As the Spanish-American philosopher, George Santayana once said, “Those who cannot remember the past are destined to repeat it.” Sadly (due to the fast paced society we live in today) we fail to study our past to recognize what mistakes or right decisions we made to gain either success or failure.
For self-professing Christians, we should know better. The greatest book in the world is filled with history as well as unparalleled wisdom to guide us in the right direction. One of those key pieces of wisdom are found in 1 Corinthians 10:1-13, where the Apostle Paul admonished us to do things the right way. Even before Santayana coined the phrase above, Paul told us one of the best ways to take care of business was to learn from the examples found in the Old Testament about our forefathers' history, making it clear that their failures actually happened to them for our benefit.
Throughout history, God has raised prophets (not predictors of future events) to warn the masses that there are repercussions (or rewards) for our behavior, if we abide in His word. True prophets proclaim the will of God, and the truth is that we (humanity) will reap what we sow. Plant good seeds and we will have a bountiful harvest; plant bad seeds and we will struggle with the thorns and thistles of life. He has given us the will to choose to do things His way or our way! Obviously, God's will is that mankind could live together in a peaceful fashion. However, as the Old Testament shows, the entire history of mankind has been consumed with wars and self-destruction. Many of us ask "Why?
The other day, while researching the subject of what causes wars, I ran across a fascinating article written by Mark Weber, who hosts the web site Institute for Historical Review, which contained a story about American aviation hero, Charles Lindbergh. Most of us are keenly aware of Charles Lindbergh's courage; he best known and remembered for being the first aviator to cross the Atlantic. Many of us are also aware of the kidnapping of his son before that historical accomplishment. Newspaper writer H. L. Mencken called the kidnapping and subsequent trial "the biggest story since the Resurrection". The crime spurred Congress to pass the Federal Kidnapping Act, called the "Lindbergh Law", which made transporting a kidnapping victim across state lines a federal crime. Obviously, enduring that horrendous experience took more courage than his subsequent flight to Europe. But one of the things we were not aware of (because it wasn't taught in our regular history classes in school), Lindbergh also demonstrated great courage for being one of the few most well-known people in the world who opposed the U.S. going to war against Germany. As Mark Weber's article (in an excerpt which follows) recounts, Lindbergh's public opposition of the war rattled many cages and actually placed him in Harm's Way.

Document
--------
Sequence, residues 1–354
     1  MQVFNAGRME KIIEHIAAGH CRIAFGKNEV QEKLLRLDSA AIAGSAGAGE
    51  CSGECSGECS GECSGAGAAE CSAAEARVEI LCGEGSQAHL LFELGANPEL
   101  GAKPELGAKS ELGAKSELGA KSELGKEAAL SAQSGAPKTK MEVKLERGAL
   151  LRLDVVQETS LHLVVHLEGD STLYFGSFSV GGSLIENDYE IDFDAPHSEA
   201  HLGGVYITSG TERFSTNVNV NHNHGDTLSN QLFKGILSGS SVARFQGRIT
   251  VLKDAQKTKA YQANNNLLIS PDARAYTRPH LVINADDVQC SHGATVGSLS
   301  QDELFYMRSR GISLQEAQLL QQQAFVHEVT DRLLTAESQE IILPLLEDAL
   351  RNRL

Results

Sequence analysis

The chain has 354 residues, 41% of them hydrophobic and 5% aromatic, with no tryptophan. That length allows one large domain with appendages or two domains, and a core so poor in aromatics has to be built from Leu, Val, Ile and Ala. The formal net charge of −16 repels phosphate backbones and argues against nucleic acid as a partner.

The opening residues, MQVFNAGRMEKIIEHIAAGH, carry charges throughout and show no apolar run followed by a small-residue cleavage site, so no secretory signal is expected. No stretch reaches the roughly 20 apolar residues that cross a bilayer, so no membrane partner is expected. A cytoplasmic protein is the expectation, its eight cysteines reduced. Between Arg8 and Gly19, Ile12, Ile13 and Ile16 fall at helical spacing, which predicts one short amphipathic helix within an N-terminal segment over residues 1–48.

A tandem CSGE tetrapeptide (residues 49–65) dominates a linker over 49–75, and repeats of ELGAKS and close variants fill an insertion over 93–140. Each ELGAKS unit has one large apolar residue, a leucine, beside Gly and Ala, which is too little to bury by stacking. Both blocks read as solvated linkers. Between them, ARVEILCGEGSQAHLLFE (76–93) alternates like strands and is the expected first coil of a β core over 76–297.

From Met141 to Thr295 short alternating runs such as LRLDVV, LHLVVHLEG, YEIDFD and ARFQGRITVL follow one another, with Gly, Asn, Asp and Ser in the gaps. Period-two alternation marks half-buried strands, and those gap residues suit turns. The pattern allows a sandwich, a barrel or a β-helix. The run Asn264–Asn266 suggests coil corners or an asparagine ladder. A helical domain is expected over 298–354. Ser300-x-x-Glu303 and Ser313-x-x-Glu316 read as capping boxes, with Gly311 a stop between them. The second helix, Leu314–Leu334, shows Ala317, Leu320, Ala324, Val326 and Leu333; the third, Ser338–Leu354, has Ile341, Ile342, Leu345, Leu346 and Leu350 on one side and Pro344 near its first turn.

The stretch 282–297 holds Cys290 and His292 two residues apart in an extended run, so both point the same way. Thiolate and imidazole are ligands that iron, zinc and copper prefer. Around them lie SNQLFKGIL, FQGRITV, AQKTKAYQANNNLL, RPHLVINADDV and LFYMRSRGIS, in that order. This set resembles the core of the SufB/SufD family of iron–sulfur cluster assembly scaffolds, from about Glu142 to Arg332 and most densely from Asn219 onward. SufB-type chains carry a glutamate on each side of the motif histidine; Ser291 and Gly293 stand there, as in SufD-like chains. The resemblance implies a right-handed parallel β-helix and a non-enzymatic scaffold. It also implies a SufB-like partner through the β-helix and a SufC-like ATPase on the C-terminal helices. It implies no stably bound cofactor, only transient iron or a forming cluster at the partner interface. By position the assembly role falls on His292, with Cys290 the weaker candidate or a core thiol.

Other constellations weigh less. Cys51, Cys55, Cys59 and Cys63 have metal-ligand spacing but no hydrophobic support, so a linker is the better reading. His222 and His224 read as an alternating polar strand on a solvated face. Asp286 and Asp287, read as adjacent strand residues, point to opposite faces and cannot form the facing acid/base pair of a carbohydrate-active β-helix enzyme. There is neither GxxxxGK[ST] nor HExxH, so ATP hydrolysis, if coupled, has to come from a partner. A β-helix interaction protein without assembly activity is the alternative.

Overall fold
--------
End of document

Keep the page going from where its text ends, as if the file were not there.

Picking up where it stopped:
The ironic thing about this article (that immediately caught my eye) is a speech that Lindbergh made about his foreign policy concerns, which was given on September 11, 1941, where he was jeered and booed by most of the audience. We have many folks who have been extremely outspoken about America's invasion of Iraq and many are voicing their opposition to the ominous threat of another war that could impact the entire world; arbitrary action where we currently see the U.S. and Israel having the nation of Iran in its cross-hairs, and they could launch their military might any day now. Being outspoken about U.S. and Israel's intention to attack Iran barely causes a yawn to the powers that be; but in the early 40's, that type of action was unheard of. Lindbergh virtually placed his career (and his life) in jeopardy by stating that there were sinister people behind the promotion of war with Germany, and he wasn't afraid to challenge America's leaders to abstain from engaging in the politicial affairs of other countries, nor succumbing to pressures from groups that have an agenda not consistent with American values.